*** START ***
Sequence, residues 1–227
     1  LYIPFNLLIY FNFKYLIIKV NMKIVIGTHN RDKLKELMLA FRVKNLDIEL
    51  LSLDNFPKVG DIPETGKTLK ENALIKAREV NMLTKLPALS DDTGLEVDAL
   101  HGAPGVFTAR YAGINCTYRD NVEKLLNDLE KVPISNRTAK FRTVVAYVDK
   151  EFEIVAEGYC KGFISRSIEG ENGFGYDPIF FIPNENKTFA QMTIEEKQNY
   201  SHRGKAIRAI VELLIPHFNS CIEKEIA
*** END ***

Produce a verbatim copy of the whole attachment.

Sequence, residues 1–227
     1  LYIPFNLLIY FNFKYLIIKV NMKIVIGTHN RDKLKELMLA FRVKNLDIEL
    51  LSLDNFPKVG DIPETGKTLK ENALIKAREV NMLTKLPALS DDTGLEVDAL
   101  HGAPGVFTAR YAGINCTYRD NVEKLLNDLE KVPISNRTAK FRTVVAYVDK
   151  EFEIVAEGYC KGFISRSIEG ENGFGYDPIF FIPNENKTFA QMTIEEKQNY
   201  SHRGKAIRAI VELLIPHFNS CIEKEIA